As I continually seek new information to contribute to our various electronic and print publications, I come across a ton of info that I want to pass along to the field, but they end up sitting on my desk waiting as other topics or projects rise to the top over that information.

In light of that, I thought this blog post can serve as an early spring cleaning (we definitely haven’t had a real winter in D.C. this year) of some of the marketing content I’ve been holding onto.

These two items are from Fast Company, a publication I highly recommend subscribing to if you are looking for different ways to address technology, design, or business issues within your own organization—particularly in the marketing realm.

When it comes to personal branding, an article from early January discusses five steps to building a better personal brand:

1. Have a home base online. While Twitter, Facebook, and LinkedIn are excellent destinations to promote what you do, make sure that you also invest time and energy into your own personal website. Whether you take advantage of easy-to-use tools such as Squarespace or WordPress, a simple and clean online home for all your professional information and social streams is a necessity.

2. Be a better blogger. Although online pundits regularly declare that blogging is dead, such as Jason Calacanis did at a tech conference toward the end of December, blogging has simply become much more diverse. It’s no longer necessary to write multi-paragraph posts (but of course, that’s why you still come to ARTSblog), but instead services such as Tumblr make it easy for individuals to share shorter entries or snippets of text that often include photos and other multimedia. A weekly blog update (or more frequent if you can afford the time) that includes some shareable content is a useful way to drive traffic back from social channels to your website (and to establish yourself as an expert on a topic). Read the rest of this entry »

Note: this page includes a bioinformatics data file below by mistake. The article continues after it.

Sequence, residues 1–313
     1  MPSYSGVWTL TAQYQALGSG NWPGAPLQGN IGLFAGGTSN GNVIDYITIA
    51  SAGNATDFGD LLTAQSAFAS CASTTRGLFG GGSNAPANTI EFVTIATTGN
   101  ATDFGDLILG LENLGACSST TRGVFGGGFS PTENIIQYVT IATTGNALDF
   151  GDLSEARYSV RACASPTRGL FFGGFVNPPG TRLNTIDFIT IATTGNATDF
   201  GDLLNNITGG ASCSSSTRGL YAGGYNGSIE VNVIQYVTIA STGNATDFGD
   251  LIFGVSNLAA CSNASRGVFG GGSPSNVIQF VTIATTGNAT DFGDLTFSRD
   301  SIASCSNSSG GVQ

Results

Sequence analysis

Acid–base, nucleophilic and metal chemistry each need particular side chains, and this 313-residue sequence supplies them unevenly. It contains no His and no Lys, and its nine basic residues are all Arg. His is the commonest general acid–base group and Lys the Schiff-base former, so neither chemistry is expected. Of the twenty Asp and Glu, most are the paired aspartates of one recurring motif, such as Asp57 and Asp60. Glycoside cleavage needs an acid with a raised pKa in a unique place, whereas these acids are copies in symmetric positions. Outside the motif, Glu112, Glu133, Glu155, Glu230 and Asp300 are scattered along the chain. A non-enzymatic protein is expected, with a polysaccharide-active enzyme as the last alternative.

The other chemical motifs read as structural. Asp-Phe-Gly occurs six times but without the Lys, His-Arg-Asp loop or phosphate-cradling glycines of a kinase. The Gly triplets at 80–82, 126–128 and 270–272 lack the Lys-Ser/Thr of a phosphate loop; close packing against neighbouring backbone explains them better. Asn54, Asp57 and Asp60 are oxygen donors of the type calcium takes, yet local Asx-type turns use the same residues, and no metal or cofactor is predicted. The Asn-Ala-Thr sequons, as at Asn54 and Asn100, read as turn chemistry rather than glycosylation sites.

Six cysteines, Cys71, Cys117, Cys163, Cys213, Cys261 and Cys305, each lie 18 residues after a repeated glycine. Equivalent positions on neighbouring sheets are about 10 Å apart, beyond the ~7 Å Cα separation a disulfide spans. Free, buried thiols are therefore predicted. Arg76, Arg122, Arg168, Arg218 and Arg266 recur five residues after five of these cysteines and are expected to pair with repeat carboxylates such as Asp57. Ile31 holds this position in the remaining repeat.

ARTSblog holds week-long Blog Salons, a series of posts by guest bloggers, that focus on an overarching theme within a core area of Americans for the Arts' work. Here are links to the most recent Salons:

Arts Education

Teaching Artists

Early Arts Education

Common Core Standards

Quality, Engagement & Partnerships

Emerging Leaders

Charting the Future of the Arts

Taking Communities to the Next Level

New Methods & Models

Public Art

Best Practices

Evaluation

Arts Marketing

Audience Engagement

Winning Audiences

Powered by Community

Animating Democracy

Arts & the Military

Scaling Up Programs & Projects

Social Impact & Evaluation

Humor & Social Change

Private Sector Initatives

Arts & Business Partnerships

Business Models in the Arts

Local Arts Agencies

Cultural Districts

Economic Development

Trends, Collaborations & Audiences

Art in Rural Communities

Alec Baldwin and Nigel Lythgoe talk about the state of the arts in America at Arts Advocacy Day 2012. The acclaimed actor and famed producer discuss arts education and what inspires them.